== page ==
Here is a rundown of the daily meal plan that dozens of health and environment experts are urging the world to adopt in order to sustain a global population of 10 billion by mid-century while reining in climate change and preventing millions of premature deaths each year.
MEAT IS (ALMOST) OUT
The team behind a landmark food study said intake of some foods such as meat and sugar needs to fall by half by 2050 to reduce the global burden posed by the three billion people on earth who are either over-or underfed.
Livestock farming is catastrophic for the environment, producing up to 18 per cent of global greenhouse gases and contributing to deforestation and water shortages.
Under the new regimen, adults would be limited to 14g of red meat a day - equivalent to half a rasher of bacon - and get no more than 30 calories from it.
A quarter-pounder burger patty contains roughly 450 calories and North Americans alone consume more than six times the current daily recommended red meat intake of between 50g and 70g.
The diet recommends no more than 29g of poultry daily - around 1½ chicken nuggets - and 13g of eggs, or just 1.5 a week.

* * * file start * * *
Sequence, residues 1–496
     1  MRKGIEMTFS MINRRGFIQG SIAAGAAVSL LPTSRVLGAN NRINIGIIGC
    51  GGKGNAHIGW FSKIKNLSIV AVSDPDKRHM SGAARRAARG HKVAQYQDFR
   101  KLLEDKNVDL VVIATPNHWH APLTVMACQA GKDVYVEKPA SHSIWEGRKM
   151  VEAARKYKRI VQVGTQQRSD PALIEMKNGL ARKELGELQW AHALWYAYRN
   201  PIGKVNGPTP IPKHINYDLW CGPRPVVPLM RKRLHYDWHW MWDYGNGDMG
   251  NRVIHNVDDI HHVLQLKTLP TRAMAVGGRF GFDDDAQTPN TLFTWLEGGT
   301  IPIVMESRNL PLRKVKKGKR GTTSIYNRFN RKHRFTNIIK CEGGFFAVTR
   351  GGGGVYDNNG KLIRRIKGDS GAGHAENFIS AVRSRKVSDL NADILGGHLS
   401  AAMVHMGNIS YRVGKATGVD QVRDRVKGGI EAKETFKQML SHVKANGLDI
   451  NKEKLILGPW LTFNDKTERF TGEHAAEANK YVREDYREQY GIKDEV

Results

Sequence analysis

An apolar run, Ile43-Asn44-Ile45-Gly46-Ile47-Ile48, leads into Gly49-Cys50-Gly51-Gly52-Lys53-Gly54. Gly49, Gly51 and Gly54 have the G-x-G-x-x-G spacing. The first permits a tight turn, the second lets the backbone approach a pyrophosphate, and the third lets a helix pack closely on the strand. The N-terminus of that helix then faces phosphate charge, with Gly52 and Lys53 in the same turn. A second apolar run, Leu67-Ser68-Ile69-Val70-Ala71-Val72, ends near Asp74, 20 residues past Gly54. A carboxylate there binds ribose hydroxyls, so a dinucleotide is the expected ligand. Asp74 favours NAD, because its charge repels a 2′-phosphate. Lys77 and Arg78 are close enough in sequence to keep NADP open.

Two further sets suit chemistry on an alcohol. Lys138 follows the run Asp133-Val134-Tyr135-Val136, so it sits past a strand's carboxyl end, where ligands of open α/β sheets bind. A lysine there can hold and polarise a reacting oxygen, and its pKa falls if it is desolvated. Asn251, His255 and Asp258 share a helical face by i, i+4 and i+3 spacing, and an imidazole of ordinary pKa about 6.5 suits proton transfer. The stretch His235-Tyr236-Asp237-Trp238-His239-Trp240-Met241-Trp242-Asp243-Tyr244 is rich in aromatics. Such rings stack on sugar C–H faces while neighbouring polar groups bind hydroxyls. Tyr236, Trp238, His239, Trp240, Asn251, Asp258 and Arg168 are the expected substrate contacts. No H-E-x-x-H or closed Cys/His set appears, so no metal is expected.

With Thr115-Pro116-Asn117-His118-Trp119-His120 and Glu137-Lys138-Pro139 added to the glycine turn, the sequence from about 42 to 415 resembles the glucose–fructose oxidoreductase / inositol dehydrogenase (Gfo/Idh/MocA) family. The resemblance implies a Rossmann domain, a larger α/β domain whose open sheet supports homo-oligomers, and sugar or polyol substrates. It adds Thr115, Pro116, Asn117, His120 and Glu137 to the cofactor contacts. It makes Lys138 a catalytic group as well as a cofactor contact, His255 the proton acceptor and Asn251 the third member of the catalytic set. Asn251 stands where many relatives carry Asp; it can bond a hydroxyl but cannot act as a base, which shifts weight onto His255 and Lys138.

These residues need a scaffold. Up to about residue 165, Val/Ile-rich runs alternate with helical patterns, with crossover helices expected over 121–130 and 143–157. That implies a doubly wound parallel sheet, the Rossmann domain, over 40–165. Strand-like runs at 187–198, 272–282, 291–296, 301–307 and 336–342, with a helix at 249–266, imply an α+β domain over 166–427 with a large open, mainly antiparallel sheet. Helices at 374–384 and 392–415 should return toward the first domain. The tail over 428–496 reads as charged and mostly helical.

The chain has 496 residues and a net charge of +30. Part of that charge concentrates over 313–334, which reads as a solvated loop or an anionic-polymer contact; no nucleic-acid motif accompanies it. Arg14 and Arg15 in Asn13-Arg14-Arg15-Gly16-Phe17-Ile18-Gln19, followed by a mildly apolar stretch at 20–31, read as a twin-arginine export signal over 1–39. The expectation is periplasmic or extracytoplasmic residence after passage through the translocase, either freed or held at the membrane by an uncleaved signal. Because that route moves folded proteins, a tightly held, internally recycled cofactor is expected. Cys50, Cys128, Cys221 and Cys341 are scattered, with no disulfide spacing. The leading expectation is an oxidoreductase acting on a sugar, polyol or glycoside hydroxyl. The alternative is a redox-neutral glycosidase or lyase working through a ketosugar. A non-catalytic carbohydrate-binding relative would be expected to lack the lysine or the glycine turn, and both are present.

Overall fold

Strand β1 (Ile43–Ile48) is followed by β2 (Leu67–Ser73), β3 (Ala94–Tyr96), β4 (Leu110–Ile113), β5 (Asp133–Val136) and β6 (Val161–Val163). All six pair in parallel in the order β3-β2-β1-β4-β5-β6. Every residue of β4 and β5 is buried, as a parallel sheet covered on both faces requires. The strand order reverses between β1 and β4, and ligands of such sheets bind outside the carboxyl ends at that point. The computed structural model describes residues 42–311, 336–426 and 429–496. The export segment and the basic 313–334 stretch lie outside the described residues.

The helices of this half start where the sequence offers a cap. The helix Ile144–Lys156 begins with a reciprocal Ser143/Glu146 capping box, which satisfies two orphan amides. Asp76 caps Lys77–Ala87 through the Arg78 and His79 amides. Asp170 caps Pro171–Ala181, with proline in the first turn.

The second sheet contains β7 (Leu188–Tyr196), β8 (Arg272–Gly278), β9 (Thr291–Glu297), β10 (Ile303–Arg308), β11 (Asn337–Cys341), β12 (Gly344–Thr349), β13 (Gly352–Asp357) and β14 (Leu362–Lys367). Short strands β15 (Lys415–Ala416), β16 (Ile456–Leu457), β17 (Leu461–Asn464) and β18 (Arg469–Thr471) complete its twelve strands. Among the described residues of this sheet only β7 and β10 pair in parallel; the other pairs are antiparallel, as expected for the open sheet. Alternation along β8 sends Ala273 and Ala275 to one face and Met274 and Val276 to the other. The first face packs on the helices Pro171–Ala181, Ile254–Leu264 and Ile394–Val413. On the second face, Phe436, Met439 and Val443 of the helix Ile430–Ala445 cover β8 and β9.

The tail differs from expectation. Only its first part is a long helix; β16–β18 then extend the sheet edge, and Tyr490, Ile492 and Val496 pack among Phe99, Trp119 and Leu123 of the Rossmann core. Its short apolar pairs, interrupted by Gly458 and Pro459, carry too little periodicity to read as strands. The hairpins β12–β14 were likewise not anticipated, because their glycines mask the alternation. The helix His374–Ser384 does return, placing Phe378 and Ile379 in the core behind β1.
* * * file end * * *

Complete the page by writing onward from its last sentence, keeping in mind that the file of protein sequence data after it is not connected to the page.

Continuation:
FRUIT AND VEG UP
Consumption of fruits, vegetables and legumes, such as chickpeas and lentils, must increase more than twofold, particularly in poorer nations where more than 800 million people get insufficient calories.
More wholegrain foods such as barley and brown rice are needed, but starchy vegetables like potatoes and cassava are limited to 50g a day.
GOOD NEWS FOR NUT LOVERS
Healthy sources of fat such as nuts and seeds receive a boost: You can eat up to 75g a day of peanuts, but will need to cut back on other unsaturated fats such as oily fish on those days.
Ultimately, the new diet could prevent up to 11.6 million premature deaths globally per year, according to its creators.